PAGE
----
It is also worth noting the relatively smaller body of evidence thus far for behavioral sex differences in the context of dyslexia. While more examples may come, it is also possible that for males and females with dyslexia, similar behavioral profiles arise via distinct neurological pathways. Whether or not this is the case is worth further examination in both the behavioral and imaging dyslexia literature. Moving forward, studies should not simply control for sex with equal recruitment, but include the direct examination of sex differences as an aim whenever possible. Fully understanding the impact of sex differences in dyslexia requires investigation beginning in pre-readers, continuing after diagnosis, as well as pre- and post-intervention. Thorough investigation across the developmental time course is necessary. Sample size should also be a consideration, as mentioned above. Not finding sex differences in a small to moderate sample does not necessarily mean males and females with dyslexia are the same. While null results may be of concern, the movement toward open science helps alleviate this issue. Many journals now have options for registered reports2, where methodology and analysis plans are reviewed and accepted prior to results being known. This has also been advocated for recently by Ramus et al. (2018). Well-designed studies to investigate sex differences in dyslexia are needed regardless of outcome. Understanding when sex does not play a role is just as important as understanding when sex does play a role in dyslexia. The sex differences findings in dyslexia thus far need to be replicated and extended in larger sample sizes. Finally, investigating sex differences in the context of genetic risk factors for dyslexia should also provide key information. If these factors interact as suggested by studies of DYX1C1 and CNTNAP2, it may help clarify how sex differences manifest at the brain and behavioral levels.
However, an important concern is the overall mixed (or lack of) evidence for the neuronal migration hypothesis at different levels of research, which underlies the genetic component of this model. A recent review highlighted this fact, and calls for a reconsideration of the neurobiological and genetic basis of dyslexia (Guidi et al., 2018). The etiology of dyslexia is certainly complex and the model presented here is one potential piece of a complicated puzzle. We encourage continued investigation into genetic and neurobiological underpinnings rooted in alternative explanations of dyslexia that can help explain these putative sex differences. In regards to lack of evidence in neuroimaging literature for the neuronal migration hypothesis (as indicated in Guidi et al., 2018), our model does provide testable hypotheses for DYX1C1 and other candidate genes related to neuronal migration, which will help clarify whether these genes interact with sex in regards to brain phenotypes or not.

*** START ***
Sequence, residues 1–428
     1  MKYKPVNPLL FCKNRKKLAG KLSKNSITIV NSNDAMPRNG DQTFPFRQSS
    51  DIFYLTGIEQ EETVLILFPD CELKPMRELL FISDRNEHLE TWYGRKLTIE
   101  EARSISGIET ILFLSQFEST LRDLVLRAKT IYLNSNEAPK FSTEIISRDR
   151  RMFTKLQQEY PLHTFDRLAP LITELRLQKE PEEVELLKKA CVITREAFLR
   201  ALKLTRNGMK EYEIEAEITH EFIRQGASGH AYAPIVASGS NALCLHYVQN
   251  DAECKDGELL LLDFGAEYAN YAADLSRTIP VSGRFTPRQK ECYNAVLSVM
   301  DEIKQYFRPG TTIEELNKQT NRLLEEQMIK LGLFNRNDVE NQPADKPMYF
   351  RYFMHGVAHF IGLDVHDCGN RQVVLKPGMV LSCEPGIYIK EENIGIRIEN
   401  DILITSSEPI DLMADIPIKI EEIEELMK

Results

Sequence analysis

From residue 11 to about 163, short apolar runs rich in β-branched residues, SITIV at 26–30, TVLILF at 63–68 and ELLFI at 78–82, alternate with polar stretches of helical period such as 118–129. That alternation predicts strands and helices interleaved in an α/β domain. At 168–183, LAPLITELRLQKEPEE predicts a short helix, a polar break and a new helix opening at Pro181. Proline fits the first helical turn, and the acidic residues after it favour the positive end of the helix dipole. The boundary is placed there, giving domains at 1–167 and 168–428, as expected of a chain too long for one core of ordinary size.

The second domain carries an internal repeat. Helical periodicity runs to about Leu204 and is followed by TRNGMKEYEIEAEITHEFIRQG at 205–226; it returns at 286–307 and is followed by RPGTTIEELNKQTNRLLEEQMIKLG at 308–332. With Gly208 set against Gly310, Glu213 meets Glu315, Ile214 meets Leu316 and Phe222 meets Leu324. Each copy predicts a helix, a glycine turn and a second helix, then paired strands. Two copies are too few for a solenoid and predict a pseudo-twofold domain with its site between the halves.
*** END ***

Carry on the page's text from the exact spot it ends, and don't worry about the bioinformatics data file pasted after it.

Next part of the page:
Finally, we have focused here on looking for patterns in neuroimaging studies of sex differences with dyslexia and linking this with what we know about genetics and behavior. It cannot be overstated that the literature here is still young. While we have given a potential framework for how sex differences in the brain may manifest (and how they may relate to heterogeneity across imaging studies), it is quite possible more patterns may emerge as the literature here grows. Our model represents one example of how genetic risk, environmental factors, and brain phenotype may interact.
The pathways that lead to sex differences in dyslexia are likely multifaceted and complex, with several different underlying factors possibly resulting in similar reading deficits. However, this issue can no longer be ignored. We underscore the importance of understanding these differences for the field, especially in regards to the potential impact on both diagnosis and treatment of reading disability. More direct investigation of sex differences, and females with dyslexia, is crucial to the goal of fully understanding the etiology of reading difficulty and the manifestation of brain differences relative to typical readers.
AK and TE wrote the manuscript and developed the model.
This research received support (TE) from the National Science Foundation under grant no. (REAL-1252463). The opinions expressed are those of the authors and do not represent views of the National Science Foundation.
Conflict of Interest Statement
The authors declare that the research was conducted in the absence of any commercial or financial relationships that could be construed as a potential conflict of interest.
We would like to thank the scientific community for the increasing interest in better understanding sex differences in dyslexia and in the field of neuroscience as a whole. We would also like to thank all the research volunteers and animals that make the work discussed here possible.
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Keywords: dyslexia, sex differences, reading, neuroanatomy, genetics
Citation: Krafnick AJ and Evans TM (2019) Neurobiological Sex Differences in Developmental Dyslexia. Front. Psychol. 9:2669. doi: 10.3389/fpsyg.2018.02669
Received: 09 October 2018; Accepted: 12 December 2018;
Published: 11 January 2019.
Edited by:Martijn Baart, Tilburg University, Netherlands
Reviewed by:Dianne Newbury, University of Oxford, United Kingdom
Jing Zhao, Capital Normal University, China
Copyright © 2019 Krafnick and Evans. This is an open-access article distributed under the terms of the Creative Commons Attribution License (CC BY). The use, distribution or reproduction in other forums is permitted, provided the original author(s) and the copyright owner(s) are credited and that the original publication in this journal is cited, in accordance with accepted academic practice. No use, distribution or reproduction is permitted which does not comply with these terms.
*Correspondence: Anthony J. Krafnick, email@example.com